I hope that today they will try to win their game against Luton and will succeed in doing that.

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Getting old

Eight years ago, on 13 August 2011, I went to a meeting of Birmingham City fans to discuss setting up a supporters trust. Daniel Ivery had suggested on his blog that might be a better way to react to the club’s problems than waving a slogan on a bedsheet. I got involved with the steering group that set up the trust and have been involved in various ways since then. Most recently, I’ve been the secretary but I stepped out of that role after our AGM on Saturday.

I didn’t leave the job because I’ve given up on the idea of a supporters trust but because I’m slowing down as I get older and it seemed like the right time to hand over to someone else. In fact the fate of Bury FC has reinforced my belief in the usefulness of trusts. It looks as though Bury is going to be liquidated so now there’s a group getting ready to form a phoenix club. In their statement they said, “134 years of history will not die when Bury FC’s last rites are read. Bury FC is alive in every single fan.” Every football club needs to have some group that keeps an eye on the governance and finance and which will step in if things go pear-shaped.

It’s not clear how things are going at Birmingham City; the club still seems to be losing money. We might end up in financial trouble again if we don’t get promoted. Performances and results have improved but nobody can guarantee a top two position for a club. 

It was good to get another win on Saturday.  I had just taken a photo of what I thought was the half time score when Pederson scored a goal in time added on, so I had to take another photo.  Luton’s equaliser was disappointing but I kept hoping that we’d score again and Jutkiewicz did. The final whistle went, Pep Clotet came on the pitch to shake  hands and hug, and I went home happy.

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Hong Kong

Hong Kong is an amazing kaleidoscope of tall buildings, mass transit trains, trams, buses, cars, handcarts and people.  There are lots of people in a hurry, going places, but there are also small parks dotted around the city for those who want to pause and be refreshed. There’s food, glorious food including some I fancied, the papaya and red onion salad was a favourite, and food that I didn’t try such as seahorses. Continue reading

Exhaustion and exhilaration

The game on Saturday reminded me of why I love football.  When I watch a game like that, I forget about everything else for a couple of hours.  That everything else includes more important concerns and it’s good to get a break from thinking about them.  Over twenty years ago, I went through a very difficult period, when I had serious concerns about the health and well-being of the two people I loved most in the world.  The only break I got from worrying about them was watching football; watching Birmingham City play took my complete capacity for worrying and I forgot about everything else. Continue reading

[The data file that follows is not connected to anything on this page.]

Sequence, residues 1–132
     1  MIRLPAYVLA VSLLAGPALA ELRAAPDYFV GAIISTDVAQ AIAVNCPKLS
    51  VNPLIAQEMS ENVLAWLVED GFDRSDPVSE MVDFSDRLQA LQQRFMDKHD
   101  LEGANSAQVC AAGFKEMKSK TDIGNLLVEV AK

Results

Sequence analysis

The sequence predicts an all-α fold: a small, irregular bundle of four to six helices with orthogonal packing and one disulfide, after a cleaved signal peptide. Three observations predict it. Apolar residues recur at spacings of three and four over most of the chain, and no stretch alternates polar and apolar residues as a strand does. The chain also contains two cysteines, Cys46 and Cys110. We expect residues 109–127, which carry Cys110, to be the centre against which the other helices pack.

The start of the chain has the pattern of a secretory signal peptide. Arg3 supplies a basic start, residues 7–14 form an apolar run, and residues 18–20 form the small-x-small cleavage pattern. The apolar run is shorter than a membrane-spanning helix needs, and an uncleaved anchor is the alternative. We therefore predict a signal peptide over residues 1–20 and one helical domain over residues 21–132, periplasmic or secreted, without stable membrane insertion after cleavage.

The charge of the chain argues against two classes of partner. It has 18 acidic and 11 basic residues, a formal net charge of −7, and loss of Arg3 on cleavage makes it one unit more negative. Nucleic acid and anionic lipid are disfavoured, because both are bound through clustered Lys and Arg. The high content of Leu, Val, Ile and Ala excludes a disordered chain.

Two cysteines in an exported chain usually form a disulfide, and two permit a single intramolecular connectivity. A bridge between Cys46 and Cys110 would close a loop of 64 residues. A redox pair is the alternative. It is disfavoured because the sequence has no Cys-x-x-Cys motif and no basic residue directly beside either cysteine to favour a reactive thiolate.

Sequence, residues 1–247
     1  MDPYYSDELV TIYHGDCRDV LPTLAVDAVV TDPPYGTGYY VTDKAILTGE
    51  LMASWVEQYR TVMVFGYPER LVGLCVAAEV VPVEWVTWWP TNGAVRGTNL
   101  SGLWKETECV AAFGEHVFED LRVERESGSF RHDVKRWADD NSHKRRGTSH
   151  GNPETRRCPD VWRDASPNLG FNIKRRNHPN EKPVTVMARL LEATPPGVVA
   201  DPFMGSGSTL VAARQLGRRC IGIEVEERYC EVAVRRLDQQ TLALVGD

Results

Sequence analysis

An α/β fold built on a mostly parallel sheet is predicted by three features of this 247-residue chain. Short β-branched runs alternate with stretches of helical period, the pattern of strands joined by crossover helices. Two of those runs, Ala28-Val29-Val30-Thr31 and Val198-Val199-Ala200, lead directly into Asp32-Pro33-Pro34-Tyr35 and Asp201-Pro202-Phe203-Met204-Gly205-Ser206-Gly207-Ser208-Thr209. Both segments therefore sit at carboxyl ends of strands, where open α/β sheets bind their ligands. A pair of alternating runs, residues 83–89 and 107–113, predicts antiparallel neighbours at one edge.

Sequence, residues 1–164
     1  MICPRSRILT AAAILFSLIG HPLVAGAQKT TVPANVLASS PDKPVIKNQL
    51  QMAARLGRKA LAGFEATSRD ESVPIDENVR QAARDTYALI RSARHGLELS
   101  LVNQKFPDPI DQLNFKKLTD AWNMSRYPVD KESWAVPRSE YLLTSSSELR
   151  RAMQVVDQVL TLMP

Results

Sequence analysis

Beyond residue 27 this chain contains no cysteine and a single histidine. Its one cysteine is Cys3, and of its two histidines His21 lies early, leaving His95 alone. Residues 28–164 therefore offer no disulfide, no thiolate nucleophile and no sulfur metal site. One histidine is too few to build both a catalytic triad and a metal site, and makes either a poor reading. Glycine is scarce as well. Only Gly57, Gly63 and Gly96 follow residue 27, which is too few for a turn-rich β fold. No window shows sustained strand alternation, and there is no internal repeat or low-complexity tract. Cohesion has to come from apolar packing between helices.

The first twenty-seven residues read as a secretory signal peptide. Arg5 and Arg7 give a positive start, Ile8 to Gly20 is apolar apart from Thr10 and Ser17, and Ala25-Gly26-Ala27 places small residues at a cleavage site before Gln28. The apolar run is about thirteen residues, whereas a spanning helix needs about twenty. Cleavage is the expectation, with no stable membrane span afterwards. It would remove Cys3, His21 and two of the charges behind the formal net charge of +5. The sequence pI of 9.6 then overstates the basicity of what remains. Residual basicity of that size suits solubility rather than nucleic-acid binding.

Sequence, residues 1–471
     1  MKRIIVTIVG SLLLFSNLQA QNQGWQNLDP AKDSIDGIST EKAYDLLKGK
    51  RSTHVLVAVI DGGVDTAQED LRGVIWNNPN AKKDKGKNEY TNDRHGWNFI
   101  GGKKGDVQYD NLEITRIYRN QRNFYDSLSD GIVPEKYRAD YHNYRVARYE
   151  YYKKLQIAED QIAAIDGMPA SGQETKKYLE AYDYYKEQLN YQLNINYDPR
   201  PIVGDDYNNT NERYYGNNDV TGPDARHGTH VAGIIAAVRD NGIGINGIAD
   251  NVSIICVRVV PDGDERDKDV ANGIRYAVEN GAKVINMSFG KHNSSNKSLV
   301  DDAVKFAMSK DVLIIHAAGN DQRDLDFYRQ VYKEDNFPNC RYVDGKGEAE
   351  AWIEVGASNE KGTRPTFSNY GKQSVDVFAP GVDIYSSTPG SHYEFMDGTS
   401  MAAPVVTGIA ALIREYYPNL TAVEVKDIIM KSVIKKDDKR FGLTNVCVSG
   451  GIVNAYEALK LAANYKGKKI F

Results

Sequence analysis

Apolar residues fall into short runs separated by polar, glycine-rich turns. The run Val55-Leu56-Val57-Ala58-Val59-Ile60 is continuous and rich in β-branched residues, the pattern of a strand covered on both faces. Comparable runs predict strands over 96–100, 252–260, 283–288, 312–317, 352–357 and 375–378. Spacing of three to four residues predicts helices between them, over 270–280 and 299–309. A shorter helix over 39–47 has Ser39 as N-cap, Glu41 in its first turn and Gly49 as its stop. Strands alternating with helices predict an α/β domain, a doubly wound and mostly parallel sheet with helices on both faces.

Going round in circles

Life is like the outer circle bus route; you wait ages for a number 11 to come and then three come along in convoy.  With buses you can just get on one of them but you can’t do that in life when several different things are demanding your attention. You just have to hop from one activity to another and can end up going in circles. Continue reading

Interesting times

It looks as though the next couple of weeks could be interesting for Birmingham City, both on and off the pitch. In tomorrow’s game, we will see how Rowett reacts to last weekend’s loss: who he puts in the team and how they play. I’d like to see Zigic in the squad and coming on as a sub. He would get a good reception: fans were singing his name at Blackpool and he wasn’t even there. Continue reading

More change needed

On Tuesday evening it felt as though everything had changed for Birmingham City.  It had only been a couple of weeks since one manager was sacked and eight days since a new one was appointed.  Our previous home game on October 25th had ended 0 – 8, utter humiliation, but hope was renewed following our no-score draw away on November 1st. The crowd too was transformed, from miserable silence to loud support.  I stayed to the end of the Bournemouth game because the team that had capitulated were my team and I felt I needed to be there as long as they were on the pitch. On Tuesday night, I stayed because I wanted to. Continue reading

Not all bad

Giving advice?

Giving advice?

Birmingham City’s loss to Charlton on Saturday was pretty bad.  Even I started yelling advice to the players and my knowledge of football techniques and tactics is minimal.  I probably should be grateful that I only notice the most glaring of errors. Watching a game like that must be more painful for those who understand more. Continue reading

Success isn’t everything

Defeated by Stoke - beaten but unbowed

Defeated by Stoke – beaten but unbowed

I enjoyed watching Birmingham City’s loss to Stoke1 far more than some of the games they’ve won. Michael Johnson2 said it was one of the best games he’d seen. The stadium was less than half full (10,445 home, 2991 away) but the Blues fans filled it with noise as they passionately supported the team. It’s a ragbag of assorted players that other clubs don’t want but they are our players and have shown great commitment and effort. I wouldn’t swop them for more talented players who didn’t care about the club. For me, success is less important than a bond between club and supporters, a feeling that this is my club.    Continue reading